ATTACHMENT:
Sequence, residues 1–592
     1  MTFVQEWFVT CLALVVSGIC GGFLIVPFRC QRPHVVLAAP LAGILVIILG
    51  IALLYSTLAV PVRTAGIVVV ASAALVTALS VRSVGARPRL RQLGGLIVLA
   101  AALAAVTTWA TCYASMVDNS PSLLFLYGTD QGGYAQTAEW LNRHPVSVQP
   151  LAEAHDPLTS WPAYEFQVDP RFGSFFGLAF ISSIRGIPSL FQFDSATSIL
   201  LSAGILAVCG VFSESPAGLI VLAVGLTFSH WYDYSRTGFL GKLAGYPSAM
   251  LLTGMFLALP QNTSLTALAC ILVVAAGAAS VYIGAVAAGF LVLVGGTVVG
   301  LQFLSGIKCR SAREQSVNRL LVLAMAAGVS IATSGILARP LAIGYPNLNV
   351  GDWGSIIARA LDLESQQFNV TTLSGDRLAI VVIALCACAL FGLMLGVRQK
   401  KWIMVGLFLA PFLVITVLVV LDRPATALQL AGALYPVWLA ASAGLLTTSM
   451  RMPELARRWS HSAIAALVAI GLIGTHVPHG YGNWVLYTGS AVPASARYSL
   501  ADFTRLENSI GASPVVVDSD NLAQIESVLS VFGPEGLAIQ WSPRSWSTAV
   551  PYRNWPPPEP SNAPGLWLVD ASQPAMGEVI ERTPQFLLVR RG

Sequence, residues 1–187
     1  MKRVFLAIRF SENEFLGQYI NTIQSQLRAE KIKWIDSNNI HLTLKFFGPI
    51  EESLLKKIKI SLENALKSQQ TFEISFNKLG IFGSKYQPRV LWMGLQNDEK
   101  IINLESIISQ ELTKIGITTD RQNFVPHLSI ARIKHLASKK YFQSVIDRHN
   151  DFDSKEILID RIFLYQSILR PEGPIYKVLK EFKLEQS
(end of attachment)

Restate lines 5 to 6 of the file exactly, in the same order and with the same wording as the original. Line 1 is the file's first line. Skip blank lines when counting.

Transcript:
   151  LAEAHDPLTS WPAYEFQVDP RFGSFFGLAF ISSIRGIPSL FQFDSATSIL
   201  LSAGILAVCG VFSESPAGLI VLAVGLTFSH WYDYSRTGFL GKLAGYPSAM